Lone K Hansen

Hi, I’m Lone (not Andrew’s wife Lone, though 🙂 and I’m based in Aarhus, Denmark where Andrew is currently a visiting prof. The brief version is that I research and teach digital aesthetics and culture and that my PhD, completed three years ago, was on mobile interface culture. In my teaching I like to make students make all kinds of diagrams — although until recently I would not have called them that. One example is to make a subjective map, another is to update the Situationist derive to include a mobile phone and document it. Personally, I like everything with yarn; the tactility of the texture/structure/fabric is fascinating. On a boring note, this is my official uni online presence and this is my horribly un-updated personal website.

Charlotte Farrell

hi all. I’m super excited about participating in this event! Wading through the thick, headiness of jetlag, I’m sorry it’s taken me a while to post. I just got back from Montreal after soaking up the magic that is the SenseLab. I’m a PhD candidate in theatre and performance studies at UNSW writing about the work of director Barrie Kosky (Andrew Murphie is my supervisor – hi Andrew!). i’m rethinking catharsis through affect in light of his performances (Kosky, not Andrew  – though that could be interesting… i hear he moonlighted as a director for a while and staged a production of hamletmachine). Thinking through diagrammatic praxis, I’m interested in how diagrams move in a theatre performance context. all this talk of affect and forces is making me think of the diagram in performance through an Artaudian prism…My minimal experience but maximum enthusiasm in approaching digrammatic discussions fuels a speculative intrigue!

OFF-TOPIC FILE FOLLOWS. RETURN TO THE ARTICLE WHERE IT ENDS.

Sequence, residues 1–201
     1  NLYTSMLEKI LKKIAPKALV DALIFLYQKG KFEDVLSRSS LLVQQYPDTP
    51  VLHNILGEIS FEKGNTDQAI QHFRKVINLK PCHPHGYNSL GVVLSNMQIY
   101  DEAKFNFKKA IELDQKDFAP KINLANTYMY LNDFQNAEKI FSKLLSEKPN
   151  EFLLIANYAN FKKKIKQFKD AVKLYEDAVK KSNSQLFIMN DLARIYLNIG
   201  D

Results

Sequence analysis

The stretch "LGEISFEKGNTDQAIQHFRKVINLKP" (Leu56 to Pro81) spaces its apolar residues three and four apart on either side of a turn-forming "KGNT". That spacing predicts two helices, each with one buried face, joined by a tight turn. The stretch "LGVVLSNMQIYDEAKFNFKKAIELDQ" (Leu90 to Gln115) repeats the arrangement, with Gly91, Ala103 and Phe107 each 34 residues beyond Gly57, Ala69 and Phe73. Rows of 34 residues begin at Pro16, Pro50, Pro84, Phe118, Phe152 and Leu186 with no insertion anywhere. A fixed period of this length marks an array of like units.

While in Canada I went to Niagara Falls, and I would say the power of the falls in diagrammatic; discombobulating, enticing a ‘flexible segmentarity’, neither subject nor object. blurred ontology. ontogenetic mist.